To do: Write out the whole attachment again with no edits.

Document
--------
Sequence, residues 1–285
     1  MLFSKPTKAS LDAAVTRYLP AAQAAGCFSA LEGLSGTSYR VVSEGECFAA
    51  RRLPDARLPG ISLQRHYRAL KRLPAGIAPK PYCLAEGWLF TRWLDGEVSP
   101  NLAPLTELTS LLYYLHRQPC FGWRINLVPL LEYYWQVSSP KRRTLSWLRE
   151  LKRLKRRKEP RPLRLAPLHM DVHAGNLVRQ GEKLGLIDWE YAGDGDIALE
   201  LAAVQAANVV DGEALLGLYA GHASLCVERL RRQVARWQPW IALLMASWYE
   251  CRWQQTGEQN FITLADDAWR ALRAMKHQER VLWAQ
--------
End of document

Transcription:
Sequence, residues 1–285
     1  MLFSKPTKAS LDAAVTRYLP AAQAAGCFSA LEGLSGTSYR VVSEGECFAA
    51  RRLPDARLPG ISLQRHYRAL KRLPAGIAPK PYCLAEGWLF TRWLDGEVSP
   101  NLAPLTELTS LLYYLHRQPC FGWRINLVPL LEYYWQVSSP KRRTLSWLRE
   151  LKRLKRRKEP RPLRLAPLHM DVHAGNLVRQ GEKLGLIDWE YAGDGDIALE
   201  LAAVQAANVV DGEALLGLYA GHASLCVERL RRQVARWQPW IALLMASWYE
   251  CRWQQTGEQN FITLADDAWR ALRAMKHQER VLWAQ